The different designs can be flipped between high- and low-resistance states at different rates, from picoseconds to microseconds, each preferable in different applications. For reading a hard drive, for instance, you’d want to sense changes in a magnetic field in a few picoseconds, whereas for something like a radiation sensor, you’d want a response time measured in microseconds.
And the devices are all relatively easy to construct. “We can easily integrate a magnetic device on top of a CMOS device,” says Chen.
Wang believes that a spin memristor can be more finely tuned and is more flexible than the device HP described, which was based on the movement of ions in a material. “It’s more broad in our opinion, more controllable,” he says. In part, that’s because of the variable switching rates, but it’s also because spin is not a binary condition—neither up nor down but rather existing along a continuum. So a device doesn’t need to make a complete change from magnetized to nonmagnetized to register a change in the resistance.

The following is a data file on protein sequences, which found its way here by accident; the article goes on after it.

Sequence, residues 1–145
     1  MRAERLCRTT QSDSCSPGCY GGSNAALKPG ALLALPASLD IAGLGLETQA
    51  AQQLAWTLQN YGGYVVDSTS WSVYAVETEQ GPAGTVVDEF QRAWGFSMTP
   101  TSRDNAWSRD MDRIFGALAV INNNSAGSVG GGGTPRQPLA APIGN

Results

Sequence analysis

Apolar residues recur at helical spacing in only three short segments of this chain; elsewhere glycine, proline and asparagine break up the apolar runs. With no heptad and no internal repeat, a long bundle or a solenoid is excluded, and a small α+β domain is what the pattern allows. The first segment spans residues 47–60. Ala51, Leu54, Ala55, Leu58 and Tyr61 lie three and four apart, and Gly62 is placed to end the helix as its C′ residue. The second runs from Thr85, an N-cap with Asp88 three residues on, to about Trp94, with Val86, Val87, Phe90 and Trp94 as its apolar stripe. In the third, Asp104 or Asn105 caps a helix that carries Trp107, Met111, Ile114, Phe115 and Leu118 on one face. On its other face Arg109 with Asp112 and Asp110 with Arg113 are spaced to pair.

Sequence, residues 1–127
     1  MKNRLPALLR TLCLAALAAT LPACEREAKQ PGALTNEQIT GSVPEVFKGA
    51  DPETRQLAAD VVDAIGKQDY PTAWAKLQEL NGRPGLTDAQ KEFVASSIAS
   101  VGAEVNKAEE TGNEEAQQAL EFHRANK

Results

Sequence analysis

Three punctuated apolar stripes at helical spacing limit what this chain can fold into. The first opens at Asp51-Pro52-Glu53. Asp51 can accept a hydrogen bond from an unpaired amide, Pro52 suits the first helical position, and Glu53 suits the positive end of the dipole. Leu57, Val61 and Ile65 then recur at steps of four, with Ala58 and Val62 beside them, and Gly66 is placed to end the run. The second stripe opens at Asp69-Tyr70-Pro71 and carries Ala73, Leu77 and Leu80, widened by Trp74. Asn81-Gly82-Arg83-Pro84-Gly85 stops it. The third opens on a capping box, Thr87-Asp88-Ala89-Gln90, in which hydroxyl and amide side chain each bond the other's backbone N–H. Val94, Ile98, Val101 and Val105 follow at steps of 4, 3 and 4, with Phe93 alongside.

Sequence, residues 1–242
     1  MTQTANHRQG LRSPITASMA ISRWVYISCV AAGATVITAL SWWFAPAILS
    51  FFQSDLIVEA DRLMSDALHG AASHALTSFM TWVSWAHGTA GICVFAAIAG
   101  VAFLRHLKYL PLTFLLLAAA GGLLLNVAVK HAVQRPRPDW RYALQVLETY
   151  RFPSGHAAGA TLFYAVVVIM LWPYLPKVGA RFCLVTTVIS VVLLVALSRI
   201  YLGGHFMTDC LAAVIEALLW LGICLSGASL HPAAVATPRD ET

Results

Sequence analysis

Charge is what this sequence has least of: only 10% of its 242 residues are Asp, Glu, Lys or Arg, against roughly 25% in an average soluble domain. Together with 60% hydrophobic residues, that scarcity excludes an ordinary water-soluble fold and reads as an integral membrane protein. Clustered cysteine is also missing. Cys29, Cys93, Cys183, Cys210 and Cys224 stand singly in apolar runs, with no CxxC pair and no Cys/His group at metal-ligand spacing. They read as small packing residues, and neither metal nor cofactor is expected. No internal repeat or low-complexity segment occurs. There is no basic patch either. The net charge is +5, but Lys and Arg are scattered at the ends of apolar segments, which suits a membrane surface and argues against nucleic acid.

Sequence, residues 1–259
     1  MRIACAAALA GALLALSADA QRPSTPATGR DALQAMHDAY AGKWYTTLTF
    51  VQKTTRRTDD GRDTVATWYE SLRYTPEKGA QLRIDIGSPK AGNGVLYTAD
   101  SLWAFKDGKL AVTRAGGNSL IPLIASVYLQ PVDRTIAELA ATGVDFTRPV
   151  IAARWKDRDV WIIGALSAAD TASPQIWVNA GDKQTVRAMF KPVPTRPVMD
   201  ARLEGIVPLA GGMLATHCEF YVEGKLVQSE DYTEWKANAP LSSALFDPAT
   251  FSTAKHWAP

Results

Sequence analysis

Stanley Williams, the HP researhttp://www.blogger.com/post-create.g?blogID=17555522cher who first described a memristor last May, says he’s glad to see other researchers getting into the area. “I am delighted that people are now playing the game of finding different physical representations of memristance,” he says. “In general, I think linking memristance and other phenomena such as spin transport is a very excellent path forward to putting a lot of functionality into a small package. The thing that really differentiates a memristor is the fact that it has and remembers a state. That is tremendously powerful for a passive device, and the implications of that have barely been explored.”
A University of Michigan electrical engineer has built a chip composed of nanoscale memristors that can store up to 1 kilobit of information.